Daily brief: Afghan strategy review delivered to Pentagon

Report card day NATO commander in Afghanistan Gen. Stanley McChrystal yesterday submitted his much-anticipated strategy review of the Afghan war to the head of Central Command, Gen. David Petraeus, who immediately endorsed it and sent it on to U.S. Secretary of Defense Robert Gates, who will review it before sending it to the White House ...

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Report card day

NATO commander in Afghanistan Gen. Stanley McChrystal yesterday submitted his much-anticipated strategy review of the Afghan war to the head of Central Command, Gen. David Petraeus, who immediately endorsed it and sent it on to U.S. Secretary of Defense Robert Gates, who will review it before sending it to the White House (New York Times). While the report itself remains classified with no date set for a public release, it has reportedly laid the groundwork for the Pentagon to request more resources for the Afghan theater “in the coming weeks” (AFP).

General McChrystal’s 20 plus page review reportedly concludes that the Taliban insurgency in Afghanistan is stronger than previously realized, and calls for a greater “unity of effort” among the NATO-led force in the country and faster training for the Afghan National Army and Afghan National Police (Washington Post). General McChrystal said that the situation is “serious, but success is achievable” (CNN).

The strategy assessment comes at a politically dangerous time for the Obama administration, as the deadliest month yet for U.S. soldiers in Afghanistan drew to a close yesterday (AP). Forty-seven American servicemen and women were killed last month, and 2009 has been the deadliest year since 2001 for the Western alliance (Wall Street Journal).

General McChrystal might ask for as many as 40,000 more troops to defeat the insurgency and protect the Afghan population, even as the the dramatic increase in the number of American civilian experts that U.S. President Barack Obama called for five months ago has not materialized as quickly as needed (Wall Street Journal and AP). Fewer than one quarter of the extra civilians expected to provide expertise in agriculture, law, and engineering are in place, though special envoy to the region Richard Holbrooke pointed out the reason last month: “You can’t have civilians go out (into the field) unless there’s security.”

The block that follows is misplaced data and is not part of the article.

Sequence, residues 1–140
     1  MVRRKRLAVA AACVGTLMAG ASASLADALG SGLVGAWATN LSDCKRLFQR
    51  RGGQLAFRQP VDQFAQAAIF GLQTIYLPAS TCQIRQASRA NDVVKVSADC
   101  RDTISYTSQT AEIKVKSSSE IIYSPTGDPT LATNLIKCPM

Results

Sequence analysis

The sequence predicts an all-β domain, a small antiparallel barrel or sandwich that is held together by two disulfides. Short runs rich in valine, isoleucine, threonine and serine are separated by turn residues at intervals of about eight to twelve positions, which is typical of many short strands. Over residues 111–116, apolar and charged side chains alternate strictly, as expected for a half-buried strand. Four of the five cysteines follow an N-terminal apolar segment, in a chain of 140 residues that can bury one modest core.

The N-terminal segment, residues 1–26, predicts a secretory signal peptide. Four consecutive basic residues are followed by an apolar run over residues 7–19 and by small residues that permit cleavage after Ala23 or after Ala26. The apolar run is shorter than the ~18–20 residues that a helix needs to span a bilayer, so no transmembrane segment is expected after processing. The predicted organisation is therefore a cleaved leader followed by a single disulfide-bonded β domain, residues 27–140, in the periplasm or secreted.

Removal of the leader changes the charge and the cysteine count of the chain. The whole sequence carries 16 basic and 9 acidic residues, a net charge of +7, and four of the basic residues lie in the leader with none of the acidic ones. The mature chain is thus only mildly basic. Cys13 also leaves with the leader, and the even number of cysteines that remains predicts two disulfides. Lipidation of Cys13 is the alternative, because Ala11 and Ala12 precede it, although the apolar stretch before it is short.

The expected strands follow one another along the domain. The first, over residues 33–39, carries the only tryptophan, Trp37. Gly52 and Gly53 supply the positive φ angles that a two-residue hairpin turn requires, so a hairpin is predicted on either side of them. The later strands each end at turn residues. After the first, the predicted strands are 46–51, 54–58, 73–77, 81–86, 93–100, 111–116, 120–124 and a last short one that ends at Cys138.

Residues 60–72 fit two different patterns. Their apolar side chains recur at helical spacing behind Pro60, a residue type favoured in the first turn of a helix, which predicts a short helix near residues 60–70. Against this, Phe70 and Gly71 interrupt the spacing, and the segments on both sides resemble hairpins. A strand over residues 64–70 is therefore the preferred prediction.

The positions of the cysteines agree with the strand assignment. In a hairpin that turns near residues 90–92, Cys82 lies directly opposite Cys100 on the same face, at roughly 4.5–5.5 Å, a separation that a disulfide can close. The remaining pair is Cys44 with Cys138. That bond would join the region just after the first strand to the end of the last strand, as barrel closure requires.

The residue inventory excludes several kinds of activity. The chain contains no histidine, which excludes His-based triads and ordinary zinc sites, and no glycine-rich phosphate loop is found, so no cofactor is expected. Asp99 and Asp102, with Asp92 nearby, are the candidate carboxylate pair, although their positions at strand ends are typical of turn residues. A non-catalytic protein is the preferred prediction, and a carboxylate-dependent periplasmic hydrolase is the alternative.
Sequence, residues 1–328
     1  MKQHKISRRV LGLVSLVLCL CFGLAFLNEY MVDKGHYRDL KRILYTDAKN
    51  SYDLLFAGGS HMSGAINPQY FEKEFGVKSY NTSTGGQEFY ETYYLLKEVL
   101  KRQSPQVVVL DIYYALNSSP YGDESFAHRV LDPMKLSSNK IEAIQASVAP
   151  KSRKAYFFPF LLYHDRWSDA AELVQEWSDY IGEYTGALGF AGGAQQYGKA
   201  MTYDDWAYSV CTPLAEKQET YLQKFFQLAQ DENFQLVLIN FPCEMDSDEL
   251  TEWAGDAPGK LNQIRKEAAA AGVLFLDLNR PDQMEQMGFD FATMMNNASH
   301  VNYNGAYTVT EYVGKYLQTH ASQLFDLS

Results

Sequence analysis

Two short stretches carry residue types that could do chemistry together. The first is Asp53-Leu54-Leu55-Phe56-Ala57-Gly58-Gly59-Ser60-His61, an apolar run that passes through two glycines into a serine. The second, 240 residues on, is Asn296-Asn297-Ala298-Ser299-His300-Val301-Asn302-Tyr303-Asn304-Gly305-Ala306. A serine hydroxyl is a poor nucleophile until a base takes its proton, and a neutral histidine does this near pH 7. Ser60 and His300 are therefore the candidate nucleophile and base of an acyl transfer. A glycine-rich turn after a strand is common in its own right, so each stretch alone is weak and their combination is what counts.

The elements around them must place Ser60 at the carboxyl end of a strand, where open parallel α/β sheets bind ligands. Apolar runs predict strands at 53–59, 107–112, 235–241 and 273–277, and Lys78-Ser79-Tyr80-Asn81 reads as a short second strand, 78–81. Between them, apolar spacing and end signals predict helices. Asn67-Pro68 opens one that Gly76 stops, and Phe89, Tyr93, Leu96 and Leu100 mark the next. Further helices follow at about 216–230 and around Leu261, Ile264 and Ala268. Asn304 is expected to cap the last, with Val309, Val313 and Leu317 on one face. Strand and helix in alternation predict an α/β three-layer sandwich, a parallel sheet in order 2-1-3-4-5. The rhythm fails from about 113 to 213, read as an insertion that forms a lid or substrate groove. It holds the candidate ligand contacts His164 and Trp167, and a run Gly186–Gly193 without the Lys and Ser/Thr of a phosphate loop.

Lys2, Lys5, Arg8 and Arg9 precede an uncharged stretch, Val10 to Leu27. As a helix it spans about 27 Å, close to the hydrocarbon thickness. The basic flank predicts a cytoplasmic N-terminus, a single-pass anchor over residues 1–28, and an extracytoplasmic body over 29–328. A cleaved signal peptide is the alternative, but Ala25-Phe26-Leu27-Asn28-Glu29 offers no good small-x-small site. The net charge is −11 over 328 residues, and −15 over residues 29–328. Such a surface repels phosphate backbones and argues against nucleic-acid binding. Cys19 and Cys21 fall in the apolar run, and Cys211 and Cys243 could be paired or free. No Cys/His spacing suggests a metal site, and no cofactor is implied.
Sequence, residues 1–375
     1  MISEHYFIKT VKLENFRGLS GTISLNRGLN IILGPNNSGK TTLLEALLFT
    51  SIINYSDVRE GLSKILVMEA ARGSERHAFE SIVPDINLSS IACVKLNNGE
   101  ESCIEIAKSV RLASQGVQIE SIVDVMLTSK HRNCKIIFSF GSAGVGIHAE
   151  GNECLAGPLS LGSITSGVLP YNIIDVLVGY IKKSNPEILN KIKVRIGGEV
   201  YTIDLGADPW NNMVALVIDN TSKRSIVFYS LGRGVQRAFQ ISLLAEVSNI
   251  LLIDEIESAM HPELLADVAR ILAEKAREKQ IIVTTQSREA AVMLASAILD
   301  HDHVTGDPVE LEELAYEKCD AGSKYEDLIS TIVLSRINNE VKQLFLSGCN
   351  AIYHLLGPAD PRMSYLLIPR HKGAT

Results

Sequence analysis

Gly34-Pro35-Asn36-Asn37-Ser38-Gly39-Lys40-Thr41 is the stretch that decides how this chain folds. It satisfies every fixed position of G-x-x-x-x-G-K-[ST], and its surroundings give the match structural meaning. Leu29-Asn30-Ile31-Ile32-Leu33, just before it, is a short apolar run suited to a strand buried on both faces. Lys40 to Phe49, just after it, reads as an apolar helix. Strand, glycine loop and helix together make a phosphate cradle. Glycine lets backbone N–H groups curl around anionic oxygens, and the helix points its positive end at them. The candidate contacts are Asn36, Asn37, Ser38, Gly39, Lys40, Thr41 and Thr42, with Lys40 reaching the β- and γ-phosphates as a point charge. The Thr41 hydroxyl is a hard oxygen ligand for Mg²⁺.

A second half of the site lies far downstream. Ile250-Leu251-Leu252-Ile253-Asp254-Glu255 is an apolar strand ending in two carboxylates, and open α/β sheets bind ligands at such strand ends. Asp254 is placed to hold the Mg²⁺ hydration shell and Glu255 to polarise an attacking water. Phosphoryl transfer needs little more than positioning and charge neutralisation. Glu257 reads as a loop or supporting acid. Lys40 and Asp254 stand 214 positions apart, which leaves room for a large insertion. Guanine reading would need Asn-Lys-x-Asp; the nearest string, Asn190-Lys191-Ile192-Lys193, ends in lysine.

The fraud squad

Results from the August 20 Afghan presidential election are still being tallied, and with nearly 50 percent of the vote counted, incumbent president Hamid Karzai has 45.8 percent of the vote, former foreign minister Abdullah Abdullah 33.2 percent, and longshot Ramazan Bashardost 12.5 percent (IEC). Karzai is still short of the 50 percent needed to avoid a runoff against Abdullah, and final election results may not be certified until mid-September.

Investigating the close to 5,000 reports and counting of electoral fraud filed during the campaign period and on election day is a group of 300 people working seven days a week for the Electoral Complaints Commission (ECC), an independent organization with a budget of 13 million dollars (AFP). Nearly 700 of the complaints are serious enough to affect the outcome of the vote.

Payback is a…

More than 30 bodies of suspected militants were found yesterday in the Swat Valley with gunshot wounds believed to be inflicted by Pakistani police or residents as retribution for extremist attacks (BBC and Dawn). Two hundred fifty one people have been found dead in similar circumstances since July, according to Pakistani officials (AFP).

Conflict between the Pakistani military and Taliban militants continues, with government forces reportedly killing 45 militants in the last five days and destroying three militant bases in the volatile northwestern region of Khyber (Dawn and AP).

Hands off my bombs

The U.N.-sponsored Conference on Disarmament hit a roadblock yesterday as Pakistan said its security interests had not been respected, fearing that the conference’s approach to a treaty banning the production of fissile material would not take into account existing stockpiles, thus putting newer nuclear powers — like Pakistan — at a disadvantage relative to older ones (Reuters).

Rain, rain go away

A downpour caused residents of Karachi to get stuck in traffic for hours as a flood caused a main road in the city to be closed (The News). Mysteriously, traffic police were nowhere to be found in most of the city.

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MANAN VATSYAYANA/AFP/Getty Images

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